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Sean Paul 

Dutty Rock

Wednesday, Jan 1 2003
Sean Paul's success in commercial hip hop markets doesn't make him a sellout -- yet. His ubiquitous ganja-burner anthem, "Gimme the Light," is genuine dancehall reggae, even if backed by Atlantic's major label clout. And as with his 2000 debut, Stage One, Paul's sophomore release, Dutty Rock, collects his biggest -- and therefore, some of dancehall's best -- singles from the previous two years. Still, the combination of this album's international surge with some compromised content repositions Paul from dancehall king to No. 1 crossover contender.

Unlike most of his artistic peers, the 29-year-old Paul originally chose to make music as a way into street culture rather than a way out. The son of a well-to-do painter, the Portuguese/Chinese/Jamaican artist was a renowned college water-polo player before briefly settling into a banking career. When he first tried his hand at dancehall, his "uptown" roots induced skepticism -- until he quickly scored a hat trick of smash hits. Delivering sexed-up wordplay with a silky voice and robotic flow, he seemed able to pull a fundamental melody from any riddim, like a master sculptor chipping a perfect image from a stone. (In dancehall, many vocalists will use the same instrumental backdrop, or "riddim.")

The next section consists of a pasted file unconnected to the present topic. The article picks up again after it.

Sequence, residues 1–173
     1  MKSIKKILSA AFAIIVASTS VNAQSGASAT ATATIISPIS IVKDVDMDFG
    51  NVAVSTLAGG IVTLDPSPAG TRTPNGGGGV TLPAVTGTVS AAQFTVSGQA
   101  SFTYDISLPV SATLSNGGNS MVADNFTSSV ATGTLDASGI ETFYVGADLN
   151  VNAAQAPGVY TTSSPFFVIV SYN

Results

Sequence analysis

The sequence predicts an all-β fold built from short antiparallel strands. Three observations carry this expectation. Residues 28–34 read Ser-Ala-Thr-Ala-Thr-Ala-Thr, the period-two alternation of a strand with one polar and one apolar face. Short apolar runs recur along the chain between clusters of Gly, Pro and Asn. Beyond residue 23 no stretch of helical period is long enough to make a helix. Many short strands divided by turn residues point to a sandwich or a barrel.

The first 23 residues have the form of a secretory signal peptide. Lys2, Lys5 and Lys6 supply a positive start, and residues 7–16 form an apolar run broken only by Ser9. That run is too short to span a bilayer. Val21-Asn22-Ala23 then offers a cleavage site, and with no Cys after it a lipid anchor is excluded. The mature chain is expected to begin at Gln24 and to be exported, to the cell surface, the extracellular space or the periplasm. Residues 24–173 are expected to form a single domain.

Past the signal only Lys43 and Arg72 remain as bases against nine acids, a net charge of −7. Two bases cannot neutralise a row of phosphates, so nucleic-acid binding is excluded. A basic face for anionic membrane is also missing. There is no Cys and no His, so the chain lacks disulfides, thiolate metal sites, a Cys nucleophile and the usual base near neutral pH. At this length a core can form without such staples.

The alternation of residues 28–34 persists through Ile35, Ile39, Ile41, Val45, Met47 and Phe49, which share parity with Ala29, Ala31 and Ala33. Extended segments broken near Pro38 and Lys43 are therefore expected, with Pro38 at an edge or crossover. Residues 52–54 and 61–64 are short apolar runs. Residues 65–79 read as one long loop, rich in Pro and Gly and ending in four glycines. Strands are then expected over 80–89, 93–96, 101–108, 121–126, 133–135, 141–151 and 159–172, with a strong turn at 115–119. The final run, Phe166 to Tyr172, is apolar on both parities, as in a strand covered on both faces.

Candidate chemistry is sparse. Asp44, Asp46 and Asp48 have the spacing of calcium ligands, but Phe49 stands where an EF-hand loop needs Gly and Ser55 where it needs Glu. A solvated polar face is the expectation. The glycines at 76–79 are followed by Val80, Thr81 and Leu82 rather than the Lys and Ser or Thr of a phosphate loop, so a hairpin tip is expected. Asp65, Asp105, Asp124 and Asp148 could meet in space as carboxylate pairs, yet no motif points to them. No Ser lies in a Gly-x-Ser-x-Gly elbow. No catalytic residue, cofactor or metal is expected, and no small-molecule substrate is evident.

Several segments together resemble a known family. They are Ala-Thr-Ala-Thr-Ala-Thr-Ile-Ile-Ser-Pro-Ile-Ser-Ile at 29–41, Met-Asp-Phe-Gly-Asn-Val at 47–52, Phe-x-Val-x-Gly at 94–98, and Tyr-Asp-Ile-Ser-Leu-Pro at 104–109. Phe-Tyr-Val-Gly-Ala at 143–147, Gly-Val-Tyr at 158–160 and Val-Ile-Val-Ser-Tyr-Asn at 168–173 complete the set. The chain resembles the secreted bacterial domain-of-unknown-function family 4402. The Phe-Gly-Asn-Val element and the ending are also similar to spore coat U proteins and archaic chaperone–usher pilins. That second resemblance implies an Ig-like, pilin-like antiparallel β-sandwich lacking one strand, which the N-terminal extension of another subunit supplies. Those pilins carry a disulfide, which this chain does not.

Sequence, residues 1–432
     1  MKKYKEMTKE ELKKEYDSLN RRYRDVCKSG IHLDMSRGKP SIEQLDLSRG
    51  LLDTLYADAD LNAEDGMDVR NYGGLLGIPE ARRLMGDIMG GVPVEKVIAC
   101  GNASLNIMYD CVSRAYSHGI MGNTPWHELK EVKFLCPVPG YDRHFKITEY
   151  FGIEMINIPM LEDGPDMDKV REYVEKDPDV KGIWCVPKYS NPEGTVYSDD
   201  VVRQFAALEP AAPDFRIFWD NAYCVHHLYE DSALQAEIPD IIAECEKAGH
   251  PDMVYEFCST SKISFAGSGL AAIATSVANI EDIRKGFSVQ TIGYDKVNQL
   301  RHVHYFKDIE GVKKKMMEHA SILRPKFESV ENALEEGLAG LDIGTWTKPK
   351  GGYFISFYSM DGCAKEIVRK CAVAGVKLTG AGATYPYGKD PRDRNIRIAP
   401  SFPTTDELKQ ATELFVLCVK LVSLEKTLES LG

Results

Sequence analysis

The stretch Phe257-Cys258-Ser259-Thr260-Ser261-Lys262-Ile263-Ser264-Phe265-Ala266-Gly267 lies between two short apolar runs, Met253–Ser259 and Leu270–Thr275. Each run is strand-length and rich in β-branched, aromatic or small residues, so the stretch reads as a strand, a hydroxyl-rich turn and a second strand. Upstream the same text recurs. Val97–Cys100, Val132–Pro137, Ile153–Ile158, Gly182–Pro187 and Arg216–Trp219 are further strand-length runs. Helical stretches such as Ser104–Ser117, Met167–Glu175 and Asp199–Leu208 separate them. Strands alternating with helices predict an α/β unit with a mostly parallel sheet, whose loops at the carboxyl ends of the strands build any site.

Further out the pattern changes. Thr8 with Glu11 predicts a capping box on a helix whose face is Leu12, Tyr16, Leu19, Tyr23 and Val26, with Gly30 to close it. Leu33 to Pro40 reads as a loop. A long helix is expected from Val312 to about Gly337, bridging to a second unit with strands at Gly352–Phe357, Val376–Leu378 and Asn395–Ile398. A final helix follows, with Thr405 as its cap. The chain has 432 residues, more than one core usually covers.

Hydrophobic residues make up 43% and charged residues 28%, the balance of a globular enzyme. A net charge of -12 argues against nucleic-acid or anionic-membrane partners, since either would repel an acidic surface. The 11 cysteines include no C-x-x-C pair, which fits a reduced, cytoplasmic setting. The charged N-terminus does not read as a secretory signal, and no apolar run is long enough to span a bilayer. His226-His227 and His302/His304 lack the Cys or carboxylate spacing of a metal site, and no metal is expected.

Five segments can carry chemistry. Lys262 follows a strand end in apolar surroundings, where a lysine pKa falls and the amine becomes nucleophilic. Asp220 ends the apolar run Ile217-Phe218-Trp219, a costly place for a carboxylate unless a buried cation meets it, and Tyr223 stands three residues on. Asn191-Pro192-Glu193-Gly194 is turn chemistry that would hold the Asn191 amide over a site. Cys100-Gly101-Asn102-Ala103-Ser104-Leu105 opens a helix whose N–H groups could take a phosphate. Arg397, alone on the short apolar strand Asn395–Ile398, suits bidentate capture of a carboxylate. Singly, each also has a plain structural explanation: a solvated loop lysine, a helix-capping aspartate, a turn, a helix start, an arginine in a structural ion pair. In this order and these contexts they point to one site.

Dutty Rock picks up where Stage One left off, with Paul taking solid riddims to the next level, but faltering on the great ones. "Can You Do the Work," a bedroom face-off with dancehaller Ce'Cile, thrives on the vocal interplay between the two, but on "Get Busy" the clap-happy Diwali riddim (which was handled better by Elephant Man, among others) overshadows Paul. In fact, his stammered verses and sing-along choruses find true synergy with fresh beats only twice: in the stark simplicity of "Gimme the Light," and in the infectious, synth-poppy "Like Glue."

The album's ragga-rap hybrids work even less smoothly. While not overtly commercial, "Esa Loca" and "Top of the Game" -- featuring Tony Touch and the Roots' pal Rahzel, respectively -- smack of crossover-market toe-dipping. Fortunately, however, Paul seems poised to sell big without selling out. After all, if the uptown rude-boy was only in this for the money, he never would have left his job at the bank.

About The Author

Greg Doherty


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